52 Ancestors 2015 Edition: #15 Caledonia Kerr Barnhill --How Do You Spell That?

52 Ancestors 2015 Edition:  #15 Caledonia Kerr Barnhill --How Do You Spell That?

Amy Johnson Crow, the author of the blog No Story Too Small, is the host of the 52 Ancestors in 52 Weeks Blog Prompt series. If you are not familiar with the project please click on the following link:  Announcing 52 Ancestors in 52 Weeks: 2015 Edition.

Week 15 (April 9-16) – How Do You Spell That? What ancestor do you imagine was frequently asked that? Which ancestor did you have a hard time finding because of an unusual name?

Lately, I've been absolutely obsessed with researching my Kerr ancestors of Sampson County, NC. I didn't want to change direction in my research so luckily, I was able to come across an ancestor from this line that was suitable for this week's theme.

Caledonia Kerr Barnhill was my paternal 2nd great grand aunt. She was born around 1858 in Franklin Township, Sampson County, NC. Her parents were Jacob Kerr and Clara Kerr, my 3rd great grandparents. I am a descendant of her brother Henry Kerr who was my 2nd great grandfather. 

The name Caledonia I wasn't familiar with so I of course looked up it's meaning. The following definition I found on a website called ThinkBabyNames.com.

Caledonia:  as a girl's name is of Latin origin, and the meaning of Caledonia is "the Scottish highlands". Originally the name of the people conquered by the Roman general Agricola in that area around 80 AD. 

This name undoubtedly must have been picked up from the family of John D. Kerr who my Kerr relatives purchased land from. John D. Kerr's grandfather, Daniel Kerr Jr., was born in Scotland and settled in Sampson County, NC.  

Caledonia Kerr Barnhill wasn't the only girl named Caledonia in the family. Caledonia Kerr Barnhill had a brother who happened to also be named Daniel Kerr. My 2nd great grand uncle Daniel Kerr chose the name Caledonia for one of his daughters.

Caledonia married Hardy Washington Barnhill sometime around 1886 based on information provided on the 1900 Federal Census.

Source Information Ancestry.com. 1900 United States Federal Census [database on-line]. Provo, UT, USA: Ancestry.com Operations Inc, 2004.Source Citation Year: 1900; Census Place: Lake Creek, Bladen, North Carolina; Roll: 1183; Page: 6A; Enumeration District: 0012; FHL microfilm: 1241183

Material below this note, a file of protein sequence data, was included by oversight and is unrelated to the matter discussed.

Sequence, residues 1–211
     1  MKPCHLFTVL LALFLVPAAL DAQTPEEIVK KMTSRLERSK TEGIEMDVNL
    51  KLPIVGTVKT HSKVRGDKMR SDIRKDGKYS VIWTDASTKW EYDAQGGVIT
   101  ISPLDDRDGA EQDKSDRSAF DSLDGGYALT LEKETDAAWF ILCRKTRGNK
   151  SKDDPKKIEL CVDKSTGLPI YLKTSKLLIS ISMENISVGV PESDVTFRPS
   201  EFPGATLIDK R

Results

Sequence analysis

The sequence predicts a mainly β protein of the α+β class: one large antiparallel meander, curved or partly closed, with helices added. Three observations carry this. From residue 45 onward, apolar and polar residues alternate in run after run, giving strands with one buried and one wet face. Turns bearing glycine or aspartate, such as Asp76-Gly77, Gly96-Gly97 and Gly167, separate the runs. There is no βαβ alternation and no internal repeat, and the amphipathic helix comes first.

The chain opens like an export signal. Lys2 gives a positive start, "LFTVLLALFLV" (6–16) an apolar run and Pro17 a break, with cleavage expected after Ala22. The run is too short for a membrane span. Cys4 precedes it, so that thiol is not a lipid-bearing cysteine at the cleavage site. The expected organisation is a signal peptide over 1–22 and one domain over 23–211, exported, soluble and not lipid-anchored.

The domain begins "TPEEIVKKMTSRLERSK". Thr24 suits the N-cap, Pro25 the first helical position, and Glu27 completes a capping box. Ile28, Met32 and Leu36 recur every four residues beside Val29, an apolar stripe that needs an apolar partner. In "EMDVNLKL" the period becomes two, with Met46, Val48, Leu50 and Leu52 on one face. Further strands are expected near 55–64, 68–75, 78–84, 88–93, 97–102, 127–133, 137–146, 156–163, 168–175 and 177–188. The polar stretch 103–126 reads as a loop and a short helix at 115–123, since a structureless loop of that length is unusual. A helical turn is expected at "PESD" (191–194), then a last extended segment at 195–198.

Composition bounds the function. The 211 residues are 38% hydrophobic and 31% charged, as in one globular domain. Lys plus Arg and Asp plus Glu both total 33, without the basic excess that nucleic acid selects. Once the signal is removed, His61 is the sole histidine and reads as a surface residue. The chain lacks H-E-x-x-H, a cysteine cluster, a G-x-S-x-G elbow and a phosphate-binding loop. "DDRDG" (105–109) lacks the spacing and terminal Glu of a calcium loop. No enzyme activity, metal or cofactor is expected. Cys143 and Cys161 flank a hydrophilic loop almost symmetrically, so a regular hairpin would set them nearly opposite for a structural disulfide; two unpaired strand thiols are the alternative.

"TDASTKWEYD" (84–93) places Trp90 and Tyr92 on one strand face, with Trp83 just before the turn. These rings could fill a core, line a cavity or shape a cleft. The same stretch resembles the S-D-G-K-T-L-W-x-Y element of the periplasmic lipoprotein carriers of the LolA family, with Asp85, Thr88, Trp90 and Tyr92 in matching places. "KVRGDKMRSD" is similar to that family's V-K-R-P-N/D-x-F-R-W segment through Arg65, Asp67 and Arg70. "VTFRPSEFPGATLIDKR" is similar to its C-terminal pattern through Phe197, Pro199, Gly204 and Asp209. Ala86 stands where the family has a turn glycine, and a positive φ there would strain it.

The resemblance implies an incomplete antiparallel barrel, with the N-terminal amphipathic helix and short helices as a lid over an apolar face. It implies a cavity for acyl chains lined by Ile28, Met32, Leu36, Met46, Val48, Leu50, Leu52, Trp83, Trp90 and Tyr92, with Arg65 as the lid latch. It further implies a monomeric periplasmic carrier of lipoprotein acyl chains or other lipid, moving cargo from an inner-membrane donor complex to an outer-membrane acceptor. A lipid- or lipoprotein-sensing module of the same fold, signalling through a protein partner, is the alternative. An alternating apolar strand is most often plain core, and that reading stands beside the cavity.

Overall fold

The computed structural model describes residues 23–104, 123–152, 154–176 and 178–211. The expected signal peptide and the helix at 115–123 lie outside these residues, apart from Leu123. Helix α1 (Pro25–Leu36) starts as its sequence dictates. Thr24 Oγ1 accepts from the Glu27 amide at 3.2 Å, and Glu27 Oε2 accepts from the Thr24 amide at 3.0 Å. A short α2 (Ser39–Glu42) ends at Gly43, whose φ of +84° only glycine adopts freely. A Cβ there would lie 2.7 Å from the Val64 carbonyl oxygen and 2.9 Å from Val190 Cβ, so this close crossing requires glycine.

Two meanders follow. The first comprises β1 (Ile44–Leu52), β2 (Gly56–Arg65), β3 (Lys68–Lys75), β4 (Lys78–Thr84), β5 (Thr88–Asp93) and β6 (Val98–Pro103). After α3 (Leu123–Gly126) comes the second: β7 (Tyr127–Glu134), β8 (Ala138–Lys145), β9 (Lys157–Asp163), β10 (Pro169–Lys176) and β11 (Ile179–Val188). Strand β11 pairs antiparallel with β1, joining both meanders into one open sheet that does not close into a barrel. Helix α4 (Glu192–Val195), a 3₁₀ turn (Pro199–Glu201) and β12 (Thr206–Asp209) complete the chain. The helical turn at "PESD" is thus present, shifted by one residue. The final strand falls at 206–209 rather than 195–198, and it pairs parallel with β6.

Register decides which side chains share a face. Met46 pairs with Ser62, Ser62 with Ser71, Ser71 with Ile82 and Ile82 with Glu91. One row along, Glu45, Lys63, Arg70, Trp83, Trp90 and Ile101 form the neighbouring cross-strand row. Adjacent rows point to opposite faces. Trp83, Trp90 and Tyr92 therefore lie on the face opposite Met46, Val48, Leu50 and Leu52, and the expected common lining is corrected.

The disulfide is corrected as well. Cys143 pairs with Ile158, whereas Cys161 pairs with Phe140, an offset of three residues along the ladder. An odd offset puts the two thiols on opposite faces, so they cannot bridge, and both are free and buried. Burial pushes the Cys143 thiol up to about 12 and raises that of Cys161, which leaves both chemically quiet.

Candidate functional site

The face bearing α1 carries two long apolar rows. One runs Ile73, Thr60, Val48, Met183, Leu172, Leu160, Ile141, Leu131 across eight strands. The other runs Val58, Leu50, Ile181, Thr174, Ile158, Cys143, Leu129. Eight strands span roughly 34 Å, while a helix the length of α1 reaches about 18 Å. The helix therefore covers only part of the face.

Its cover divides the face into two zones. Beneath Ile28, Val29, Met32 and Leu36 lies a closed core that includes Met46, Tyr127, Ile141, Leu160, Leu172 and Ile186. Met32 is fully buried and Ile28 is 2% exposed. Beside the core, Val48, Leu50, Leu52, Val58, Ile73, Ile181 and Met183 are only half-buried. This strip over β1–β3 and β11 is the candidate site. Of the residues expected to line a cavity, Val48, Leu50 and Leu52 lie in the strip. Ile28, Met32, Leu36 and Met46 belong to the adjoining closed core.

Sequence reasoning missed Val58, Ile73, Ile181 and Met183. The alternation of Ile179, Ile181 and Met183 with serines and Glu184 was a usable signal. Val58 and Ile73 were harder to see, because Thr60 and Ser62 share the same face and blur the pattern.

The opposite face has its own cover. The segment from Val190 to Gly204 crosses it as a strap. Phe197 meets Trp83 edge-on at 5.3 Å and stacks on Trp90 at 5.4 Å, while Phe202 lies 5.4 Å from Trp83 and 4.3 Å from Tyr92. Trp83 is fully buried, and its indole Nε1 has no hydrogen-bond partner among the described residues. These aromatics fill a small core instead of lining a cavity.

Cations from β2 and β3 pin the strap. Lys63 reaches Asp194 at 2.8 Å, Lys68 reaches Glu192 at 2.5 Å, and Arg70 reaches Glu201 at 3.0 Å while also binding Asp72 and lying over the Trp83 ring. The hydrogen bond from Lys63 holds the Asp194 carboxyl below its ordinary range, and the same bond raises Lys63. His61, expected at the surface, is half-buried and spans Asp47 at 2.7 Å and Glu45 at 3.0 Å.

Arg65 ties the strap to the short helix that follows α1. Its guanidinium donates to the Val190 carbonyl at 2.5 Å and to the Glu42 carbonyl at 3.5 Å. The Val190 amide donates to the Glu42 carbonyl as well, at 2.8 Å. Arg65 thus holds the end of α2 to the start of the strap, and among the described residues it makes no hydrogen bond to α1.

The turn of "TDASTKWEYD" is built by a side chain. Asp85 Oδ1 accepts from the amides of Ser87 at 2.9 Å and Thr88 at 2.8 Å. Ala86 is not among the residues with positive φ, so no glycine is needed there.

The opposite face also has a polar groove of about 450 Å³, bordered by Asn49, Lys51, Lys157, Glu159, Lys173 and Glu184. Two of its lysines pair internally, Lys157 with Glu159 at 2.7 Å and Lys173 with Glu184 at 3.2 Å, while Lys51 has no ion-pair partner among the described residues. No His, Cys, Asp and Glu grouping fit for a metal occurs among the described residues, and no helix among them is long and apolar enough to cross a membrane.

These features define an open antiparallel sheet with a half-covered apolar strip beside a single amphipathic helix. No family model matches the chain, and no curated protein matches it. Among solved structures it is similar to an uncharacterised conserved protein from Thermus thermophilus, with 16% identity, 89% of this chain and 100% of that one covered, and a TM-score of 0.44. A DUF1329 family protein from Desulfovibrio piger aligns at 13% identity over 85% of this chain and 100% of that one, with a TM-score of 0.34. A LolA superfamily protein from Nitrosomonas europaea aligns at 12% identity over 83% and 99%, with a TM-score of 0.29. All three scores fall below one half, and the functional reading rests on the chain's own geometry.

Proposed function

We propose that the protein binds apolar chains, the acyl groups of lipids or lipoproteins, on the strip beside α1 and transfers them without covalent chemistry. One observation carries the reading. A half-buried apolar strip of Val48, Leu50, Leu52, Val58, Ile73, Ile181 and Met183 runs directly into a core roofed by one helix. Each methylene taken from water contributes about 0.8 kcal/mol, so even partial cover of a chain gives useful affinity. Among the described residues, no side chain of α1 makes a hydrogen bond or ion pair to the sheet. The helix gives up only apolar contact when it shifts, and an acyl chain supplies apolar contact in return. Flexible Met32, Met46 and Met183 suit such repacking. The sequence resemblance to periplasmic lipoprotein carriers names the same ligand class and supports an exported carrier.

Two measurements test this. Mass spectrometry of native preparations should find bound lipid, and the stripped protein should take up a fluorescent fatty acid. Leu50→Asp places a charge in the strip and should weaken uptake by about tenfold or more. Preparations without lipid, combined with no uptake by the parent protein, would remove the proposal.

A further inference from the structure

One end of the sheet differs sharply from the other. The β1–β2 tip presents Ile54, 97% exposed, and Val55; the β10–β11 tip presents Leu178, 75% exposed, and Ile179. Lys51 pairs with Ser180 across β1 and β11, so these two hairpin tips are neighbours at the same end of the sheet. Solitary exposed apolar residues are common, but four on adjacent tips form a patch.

As far as I can tell this appears to be her first marriage and Hardy Barnhill's second. So far, I've identified two daughters that Caledonia had with Hardy, Lillie Barnhill Boykin and a Rosa Barnhill. They owned their own land. Caledonia kept house while her husband Hardy ran the farm. Caledonia and her family lived in the Lake Creek, Bladen County for a number of years before returning to Sampson County by 1920. The 1920 Federal Census shows that they were living in Lisbon Township at that time.

Source Information Ancestry.com. 1920 United States Federal Census [database on-line]. Provo, UT, USA: Ancestry.com Operations Inc, 2010. Images reproduced by FamilySearch.Source Citation Year: 1920; Census Place: Lisbon, Sampson, North Carolina; Roll: T625_1322; Page: 7B; Enumeration District: 88; Image: 254

Caledonia Kerr Barnhill died on April 24, 1924. The cause of death listed on her death certificate was an abdominal tumor. She was buried at the "Jacob Kerr Burial Ground." One day I hope to find this burial ground so I can pay respect to my Kerr ancestors.

Source Information Ancestry.com. North Carolina, Death Certificates, 1909-1975 [database on-line]. Provo, UT, USA: Ancestry.com Operations Inc, 2007. Original data: North Carolina State Board of Health, Bureau of Vital Statistics. North Carolina Death Certificates. Microfilm S.123. Rolls 19-242, 280, 313-682, 1040-1297. North Carolina State Archives, Raleigh, North Carolina.

**Important to note that her birth date is listed here as March 11, 1861. The year may not be entirely accurate. Caledonia's age on the 1870 Federal Census was listed as 13. That would make her birth year 1858.


  1. You did a wonderful job telling Caledonia's story. I really enjoyed reading your post. Loved the 'aha" moment when you put together her name with her heritage. Great job.


Post a Comment

Popular posts from this blog

It's Been A Long Time

Amanuensis Monday: Charity Ambrose Deed to Mt. Olive Methodist Church

Pink Invitational 2020